Cliche-prone reporters should watch their step when appending ‘grandma’ to any woman of a certain change on the wrong side of the law. First, it’s unfair because granddads undoubtedly do more mischief. Second, some outlaw grannies get very irate about abused apostrophes
Recently, Channel Nine told us that a Melbourne grandmother had been jailed for a hit and run incident. These days, we hear about errant grandmothers quite often. A Sydney grandmother is convicted of fraud. A Perth “grandmother of three” is arrested for drink-driving. Two grandmothers from Adelaide are detained in Malaysia for possession of drugs. It’s an epidemic of granny crime! No doubt there are grandfathers dealing drugs and driving under the influence but we seldom hear mention in reports of court proceedings and crime that describe them as such.
What is it about the acquisition of a second generation of offspring that drives the media to stress the link between elderly women and the outlaw life? Why is it that men appear to be immune to this effect? And what can be done about it? Married, as I am, to a grandmother, am I at risk of any standard-issue marital tiff becoming something more serious? A carving knife between ribs three and four, perhaps? If Dr Jane Bone, fresh from her ground-breaking research on the “disempowering” influence of child-size chairs, is wondering where her next research grant is coming from, this could be the answer.
I’m not sure what social imperative TV news readers (and writers) think they are addressing with this gratuitous type-casting. There are other infractions, however, that are more insidious.
Here’s one example. On a recent Saturday both Nine and ABC News reporters described Senator Lucy Gichuhi as having ‘defected’ to the Liberal Party. Given that Senator Gichuhi was sitting as an independent, how could she possibly be described as ‘defecting’ from anything. The word ‘defection’ has a negative connotation, and no doubt the intent of our generally left-leaning MSM journalists is to somehow taint the good senator by saddling her with this pejorative simply because she had the bad taste to formalize her political leanings.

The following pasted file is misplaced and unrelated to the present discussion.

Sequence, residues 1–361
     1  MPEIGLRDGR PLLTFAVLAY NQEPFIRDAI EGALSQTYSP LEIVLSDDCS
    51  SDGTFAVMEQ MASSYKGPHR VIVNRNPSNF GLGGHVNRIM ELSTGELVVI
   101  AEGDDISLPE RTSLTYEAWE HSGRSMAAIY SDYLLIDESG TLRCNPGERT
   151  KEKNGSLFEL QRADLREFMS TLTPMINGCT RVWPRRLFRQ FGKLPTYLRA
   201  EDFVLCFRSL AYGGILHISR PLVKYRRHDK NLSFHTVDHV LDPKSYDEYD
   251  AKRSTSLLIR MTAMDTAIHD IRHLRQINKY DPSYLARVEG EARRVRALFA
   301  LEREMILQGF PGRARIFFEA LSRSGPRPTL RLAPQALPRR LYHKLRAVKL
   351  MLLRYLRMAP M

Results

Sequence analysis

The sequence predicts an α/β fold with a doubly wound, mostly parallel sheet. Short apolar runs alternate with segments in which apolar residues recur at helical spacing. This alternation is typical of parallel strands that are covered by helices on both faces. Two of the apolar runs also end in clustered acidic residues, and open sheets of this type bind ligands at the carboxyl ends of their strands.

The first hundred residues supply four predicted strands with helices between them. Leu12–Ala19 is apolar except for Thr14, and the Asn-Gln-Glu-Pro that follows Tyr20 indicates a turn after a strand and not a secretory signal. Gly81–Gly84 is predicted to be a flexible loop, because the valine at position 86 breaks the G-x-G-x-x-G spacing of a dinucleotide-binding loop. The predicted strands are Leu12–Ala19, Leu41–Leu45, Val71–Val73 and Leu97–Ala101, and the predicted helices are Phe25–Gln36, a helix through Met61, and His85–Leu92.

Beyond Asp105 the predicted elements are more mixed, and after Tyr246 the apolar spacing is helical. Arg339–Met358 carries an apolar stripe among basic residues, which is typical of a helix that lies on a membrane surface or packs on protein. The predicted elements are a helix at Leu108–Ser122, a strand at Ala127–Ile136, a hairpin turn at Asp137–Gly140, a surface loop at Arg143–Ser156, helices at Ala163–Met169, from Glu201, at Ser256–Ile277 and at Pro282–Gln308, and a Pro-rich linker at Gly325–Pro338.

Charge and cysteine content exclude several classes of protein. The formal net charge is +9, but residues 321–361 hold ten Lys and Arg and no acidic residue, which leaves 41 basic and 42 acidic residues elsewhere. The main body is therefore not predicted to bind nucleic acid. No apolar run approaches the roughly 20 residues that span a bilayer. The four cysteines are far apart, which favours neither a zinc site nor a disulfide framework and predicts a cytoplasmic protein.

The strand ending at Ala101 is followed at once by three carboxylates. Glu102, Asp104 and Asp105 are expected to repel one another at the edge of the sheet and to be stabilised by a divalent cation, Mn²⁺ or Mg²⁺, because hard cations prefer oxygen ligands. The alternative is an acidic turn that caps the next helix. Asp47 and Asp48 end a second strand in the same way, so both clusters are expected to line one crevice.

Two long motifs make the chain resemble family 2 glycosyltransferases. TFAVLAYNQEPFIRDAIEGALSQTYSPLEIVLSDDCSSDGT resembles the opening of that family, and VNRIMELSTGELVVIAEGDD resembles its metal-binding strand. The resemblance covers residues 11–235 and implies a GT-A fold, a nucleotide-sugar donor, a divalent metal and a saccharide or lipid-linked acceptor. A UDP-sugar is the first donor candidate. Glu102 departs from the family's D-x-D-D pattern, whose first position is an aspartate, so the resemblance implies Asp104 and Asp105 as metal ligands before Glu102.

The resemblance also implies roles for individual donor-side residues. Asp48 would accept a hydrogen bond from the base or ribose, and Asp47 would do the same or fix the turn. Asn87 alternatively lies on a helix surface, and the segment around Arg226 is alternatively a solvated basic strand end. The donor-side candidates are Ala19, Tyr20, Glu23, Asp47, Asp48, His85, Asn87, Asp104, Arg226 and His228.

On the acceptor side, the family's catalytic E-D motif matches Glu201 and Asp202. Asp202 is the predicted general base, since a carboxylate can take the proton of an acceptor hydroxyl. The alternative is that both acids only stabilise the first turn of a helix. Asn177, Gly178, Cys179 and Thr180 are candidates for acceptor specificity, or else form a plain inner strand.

The banner headline of the first news item on Prime TV’s Hobart evening news on Australia Day told us “TASMANIAN’S DIVIDED”. I’m not sure if writing these headlines counts as journalism but, if so, the mis-use of the apostrophe confirms the further decline of that jaded profession. That’s by the way. The real offence in the headline is, of course, its contribution to the ‘fake news’ genre.
The main story of the day was the celebration of Australia Day by countless thousands of Australians on beaches and in backyards all over the country, the acceptance of Australian citizenship by thousands of new Australians in citizenship ceremonies and so on. Given that there will always be a minority of Australians against mainstream opinion on almost any subject – in this case a very small minority – are we in a constant state of division? How does the appearance of a noisy minority of some 2,000 (estimated) activists in Hobart constitute a division within the wider population?
The tendency for news readers to editorialize or slyly comment (particularly on the subjects of Donald Trump or Tony Abbott) is far too common an abrogation of journalistic standards, and not just at the ABC. And here some caution is in order. With all those desperado grannies on the loose, who knows when some gun-toting matriarch might decide to set straight erring members of the Fourth Estate?